A life-saving proposal

August 23, 2019

Do you ever have those days that are supposed to be perfect but then everything goes wrong and your perfect day turns into your perfect nightmare? Well, my fourteenth birthday was a day like that. I do not know why I was so excited to turn fourteen, but I was. I think a large part of my excitement was the fact that my parents decided to take me and my family to this really good wings place. What could be better? Gifts, cake, family and, of course, wings. 

I couldn’t wait for lunch time to have some perfectly cooked BBQ wings. When we finally got to the restaurant and ordered, I was overfilled with excitement. However, my luck changed as soon as my wings came. I barely had time to take my first bite when a man at the table next to ours jumped up and began clutching his throat.

It took me about a minute to figure out what was even going on. When I finally realized he was choking, well, it did not help me much. Most people around me reacted to this by panicking and running around like chickens with their heads cut off, while others decided it would be wise for them to start yelling. I, on the other hand, decided that sitting there frozen would help the man breathe.

Unfortunately, as I later found out, contrary to popular belief, neither of these techniques are effective at saving someone’s life. Shocking, right? I did not give it too much thought at the time, but when I did, I realized that medical emergencies such as this one can happen anywhere and at anytime—at the dining hall, the street, class and even at home.

It eventually dawned on me that even though I wanted to help that man, there was not much I could do, mainly because I did not know what to do. And I did not want to cause further harm to the man, since I was unsure of the actions I should take (at least I get points for not causing any panic, right?). 

Today, I find it crazy how there is a constant threat of an emergency, but knowledge on how to react to these emergencies and basic first aid is uncommon. I understand why only one person (who ended up being a doctor) went to help that choking man: everyone else just did not know what to do. 

This phenomenon is very dangerous; someone could die because of this lack of education. This situation on my birthday was what ignited my dedication for becoming a doctor, and this summer, I became a certified Emergency Medical Technician (EMT).  

There is no doubt that, for me, becoming an EMT has been and is continuing to be a very rewarding experience. Learning to deal with medical emergencies has sparked a passion in me for medicine, and one of my goals is to spread medical knowledge and maybe spark this passion in like-minded people.

However, I also understand that not everyone shares my passion for medicine or is made to be a doctor, but this does not mean that they should not have the basic skills to save someone’s life. In an ideal world, these skills should be taught at school, but in our reality, the responsibility of acquiring this knowledge is on us.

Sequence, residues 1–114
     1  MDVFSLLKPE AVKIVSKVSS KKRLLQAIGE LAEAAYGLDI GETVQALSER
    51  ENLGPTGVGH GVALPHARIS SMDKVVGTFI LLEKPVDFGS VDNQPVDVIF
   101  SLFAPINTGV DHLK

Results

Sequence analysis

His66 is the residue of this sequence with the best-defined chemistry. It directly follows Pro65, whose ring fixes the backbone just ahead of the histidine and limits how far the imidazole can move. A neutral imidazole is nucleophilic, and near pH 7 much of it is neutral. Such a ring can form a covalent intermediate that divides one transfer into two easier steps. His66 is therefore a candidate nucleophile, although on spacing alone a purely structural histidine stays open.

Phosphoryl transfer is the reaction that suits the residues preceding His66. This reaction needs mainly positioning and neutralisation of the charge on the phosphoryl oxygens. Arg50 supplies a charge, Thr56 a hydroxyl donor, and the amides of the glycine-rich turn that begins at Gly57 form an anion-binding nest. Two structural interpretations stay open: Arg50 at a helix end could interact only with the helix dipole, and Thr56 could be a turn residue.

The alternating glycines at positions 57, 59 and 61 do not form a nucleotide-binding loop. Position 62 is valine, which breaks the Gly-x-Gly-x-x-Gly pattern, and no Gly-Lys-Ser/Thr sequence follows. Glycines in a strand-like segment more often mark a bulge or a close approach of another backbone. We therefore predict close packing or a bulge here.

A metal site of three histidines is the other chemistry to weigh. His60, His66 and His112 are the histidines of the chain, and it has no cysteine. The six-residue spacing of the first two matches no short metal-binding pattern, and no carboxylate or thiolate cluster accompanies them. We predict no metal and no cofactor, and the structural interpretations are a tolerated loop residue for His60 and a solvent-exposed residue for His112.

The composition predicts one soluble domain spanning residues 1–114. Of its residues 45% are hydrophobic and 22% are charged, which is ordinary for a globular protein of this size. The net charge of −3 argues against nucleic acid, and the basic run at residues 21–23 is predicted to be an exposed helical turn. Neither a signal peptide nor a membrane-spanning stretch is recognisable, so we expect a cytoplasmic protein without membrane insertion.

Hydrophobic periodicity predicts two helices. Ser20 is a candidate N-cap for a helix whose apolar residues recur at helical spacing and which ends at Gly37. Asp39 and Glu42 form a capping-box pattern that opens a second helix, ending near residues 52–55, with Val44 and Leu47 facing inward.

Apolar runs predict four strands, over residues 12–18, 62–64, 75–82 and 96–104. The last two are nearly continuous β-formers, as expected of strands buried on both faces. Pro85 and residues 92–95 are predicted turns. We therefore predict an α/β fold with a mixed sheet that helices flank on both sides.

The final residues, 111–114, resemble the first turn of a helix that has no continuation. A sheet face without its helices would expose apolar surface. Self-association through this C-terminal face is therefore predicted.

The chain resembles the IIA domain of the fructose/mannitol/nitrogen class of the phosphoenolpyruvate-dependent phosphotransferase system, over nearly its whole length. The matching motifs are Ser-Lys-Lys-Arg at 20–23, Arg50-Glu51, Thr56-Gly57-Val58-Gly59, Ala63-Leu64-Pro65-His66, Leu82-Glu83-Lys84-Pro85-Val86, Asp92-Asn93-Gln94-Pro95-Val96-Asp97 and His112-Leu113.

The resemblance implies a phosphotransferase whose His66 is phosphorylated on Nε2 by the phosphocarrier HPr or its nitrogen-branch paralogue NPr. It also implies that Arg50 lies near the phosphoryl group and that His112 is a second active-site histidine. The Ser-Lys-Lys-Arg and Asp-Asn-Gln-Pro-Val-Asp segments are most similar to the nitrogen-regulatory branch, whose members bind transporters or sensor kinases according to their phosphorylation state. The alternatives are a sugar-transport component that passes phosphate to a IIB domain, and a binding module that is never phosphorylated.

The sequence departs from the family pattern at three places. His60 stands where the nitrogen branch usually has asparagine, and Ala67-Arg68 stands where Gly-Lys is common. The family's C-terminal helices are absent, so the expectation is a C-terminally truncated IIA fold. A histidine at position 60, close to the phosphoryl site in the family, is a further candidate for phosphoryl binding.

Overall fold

The paradox in which people want to help others in medical emergencies, yet don’t out of fear of harming the victim can only be realistically combated through education. This education is really flexible since it is mainly self-taught. There are also a lot of different education options available to Brandeis students that students can take advantage of.

The most rigorous of these options, which is the option that I chose, is to become a certified EMT. Boston University teaches a class during the spring semesters that allows you to become EMT certified. They are at the club fair, which happens early during the fall semester, so if this is a possibility that you are interested in, be sure to sign up for the listserv there. I can personally vouch for the program at B.U. The program is widely respected across many Emergency Medical Service (EMS) companies and is full of really awesome teachers.

If you are not looking for a program quite that rigorous, then Brandeis Emergency Medical Corps (BEMCo) offers a CPR and first-aid class twice a month. This class is around five hours or so and does not really take up too much time. However, taking into account the short time investment put into this class, it is priceless. Not only does it teach invaluable knowledge and skills that can help save a life, but it also fills one of the three physical education requirements.

Other than these two classes, the world is your oyster. You don’t even have to take one of these classes if you are interested in learning about medical emergencies. In this day and age, any morsel of information that you could possibly want is at your fingertips on your phone or computer. A few articles and YouTube videos can go a very long way in terms of gaining knowledge. However, it is important to check multiple sources for the same information just to verify that what you are reading is correct. Mayo Clinic is a very reputable source of information that covers a wide range of medical information. They consolidate information very well and break down medical emergencies in an understandable.

Once you have educated yourself if you decide to, you should encourage others to also get educated, or share some helpful tips with them. By educating others or by talking about the proper steps to take, you are taking part in a movement that seeks to spread medical knowledge in hopes of increasing survival rates of emergencies, such as choking, cardiac arrest and seizures. If we all work together and spread the knowledge, we can mitigate the constant threat of a medical emergency and, with any hope, make the world a much safer place to live in.

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